Christy’s Story

All of the stories I have read are from people who, in my eyes, are very successful. The majority of you have college degree’s and are professionals. I only wish I could stick with anything long enough to complete it. I am 40 years old and just figured out I had ADD last year.

I took a test online, took it to my psychiatrist who also tested me. After 10 years of treating me for depression with medication for depression it was sickening for me to find out there was a lot more to my constant sadness. I can’t understand how throughout my difficult school years no-one picked up on me having ADD. I just could not focus on anything that was remotely uninteresting to me. I grew up without a Dad and my Mom worked nights so discipline and routine were not things I was familiar with.

I was an ADD child with endless opportunities to act on impulses, daydream, and generally get away with anything.I changed schools 3 times, not because of moving, it was because if I didn’t like the school or some of the people in it I would throw a big dramatic fit and I could be very manipulative. I wish Mom would have said no so I would have learned what it was like to stick out or deal with difficult situations. I got through High School by the skin of my teeth. I have spent most of my life leaving when the going gets tough-schools, jobs, relationships…I am on my third marriage, It’s lasted 5 years, which is a record for me.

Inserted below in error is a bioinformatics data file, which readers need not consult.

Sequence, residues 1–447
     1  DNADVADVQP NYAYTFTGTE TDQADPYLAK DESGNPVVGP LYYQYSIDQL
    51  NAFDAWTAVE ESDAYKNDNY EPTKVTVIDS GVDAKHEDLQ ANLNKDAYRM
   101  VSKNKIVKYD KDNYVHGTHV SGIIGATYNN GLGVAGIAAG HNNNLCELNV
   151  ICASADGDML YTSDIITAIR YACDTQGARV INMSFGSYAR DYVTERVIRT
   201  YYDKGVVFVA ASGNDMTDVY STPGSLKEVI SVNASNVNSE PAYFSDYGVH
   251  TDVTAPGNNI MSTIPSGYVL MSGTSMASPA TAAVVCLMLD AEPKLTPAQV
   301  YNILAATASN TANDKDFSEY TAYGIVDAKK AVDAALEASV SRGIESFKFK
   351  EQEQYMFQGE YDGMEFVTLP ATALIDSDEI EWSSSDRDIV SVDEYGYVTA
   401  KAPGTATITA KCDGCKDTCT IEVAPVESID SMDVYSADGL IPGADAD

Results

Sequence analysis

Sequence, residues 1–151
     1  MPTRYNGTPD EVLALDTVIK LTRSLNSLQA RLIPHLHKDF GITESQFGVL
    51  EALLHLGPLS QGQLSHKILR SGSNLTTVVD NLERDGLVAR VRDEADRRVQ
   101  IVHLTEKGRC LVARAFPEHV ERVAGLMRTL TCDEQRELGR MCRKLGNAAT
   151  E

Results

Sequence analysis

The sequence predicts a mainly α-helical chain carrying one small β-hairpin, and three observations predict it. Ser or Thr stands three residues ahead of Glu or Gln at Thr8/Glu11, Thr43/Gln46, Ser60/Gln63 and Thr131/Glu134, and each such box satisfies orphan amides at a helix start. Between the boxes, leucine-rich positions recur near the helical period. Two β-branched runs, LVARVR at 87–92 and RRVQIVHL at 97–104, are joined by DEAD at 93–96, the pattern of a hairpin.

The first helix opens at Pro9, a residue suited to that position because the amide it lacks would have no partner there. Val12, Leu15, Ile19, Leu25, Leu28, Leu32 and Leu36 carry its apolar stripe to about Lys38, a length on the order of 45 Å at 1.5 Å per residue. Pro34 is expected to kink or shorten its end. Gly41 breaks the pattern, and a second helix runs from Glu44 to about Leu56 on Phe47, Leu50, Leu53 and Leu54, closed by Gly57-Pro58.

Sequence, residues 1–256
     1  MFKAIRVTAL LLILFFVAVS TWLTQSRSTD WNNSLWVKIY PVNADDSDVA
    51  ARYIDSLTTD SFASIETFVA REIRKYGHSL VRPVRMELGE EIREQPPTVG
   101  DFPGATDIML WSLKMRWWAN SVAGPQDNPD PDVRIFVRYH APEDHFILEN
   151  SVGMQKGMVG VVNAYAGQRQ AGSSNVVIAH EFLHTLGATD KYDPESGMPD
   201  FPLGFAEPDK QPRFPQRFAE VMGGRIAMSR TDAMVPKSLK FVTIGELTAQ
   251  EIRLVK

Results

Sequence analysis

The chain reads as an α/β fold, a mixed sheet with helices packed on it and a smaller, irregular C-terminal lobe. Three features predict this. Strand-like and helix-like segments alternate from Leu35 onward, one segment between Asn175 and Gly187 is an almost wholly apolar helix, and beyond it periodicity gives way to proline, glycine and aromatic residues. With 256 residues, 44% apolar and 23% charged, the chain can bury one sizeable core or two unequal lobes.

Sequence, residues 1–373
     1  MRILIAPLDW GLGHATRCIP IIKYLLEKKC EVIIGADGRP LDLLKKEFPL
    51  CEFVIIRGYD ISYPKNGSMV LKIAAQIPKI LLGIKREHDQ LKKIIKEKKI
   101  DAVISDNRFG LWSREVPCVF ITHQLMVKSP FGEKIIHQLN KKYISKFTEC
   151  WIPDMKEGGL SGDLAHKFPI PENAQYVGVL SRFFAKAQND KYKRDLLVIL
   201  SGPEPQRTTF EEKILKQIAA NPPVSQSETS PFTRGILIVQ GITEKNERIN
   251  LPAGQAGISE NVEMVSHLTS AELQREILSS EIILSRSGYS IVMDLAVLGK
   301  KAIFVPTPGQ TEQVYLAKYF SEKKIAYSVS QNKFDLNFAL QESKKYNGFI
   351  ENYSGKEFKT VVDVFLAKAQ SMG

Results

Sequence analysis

I can only manage to handle part-time jobs now and usually not for much more than a year. It is only through the grace of God that I am not a drug-addict with 15 kids on welfare. There has not been any miraculous turn-around since my ADD diagnoses. I am taking Adderall with limited success. I’ve tried other medications that didn’t help at all. Where I live there are no ADD coaches and I’m pretty sure insurance won’t cover that anyway. It does help to read the peoples’ stories posted on this site but honestly, you people need to give yourselves more credit.

If you have completed college and have become a professional anything with this disorder then you are a lot stronger, focused, and a harder worker than you must realize. Give yourself a pat on the back, accept and take pride in what you’ve accomplished and use that feeling to succeed in the next task you’re struggling with. You are not alone.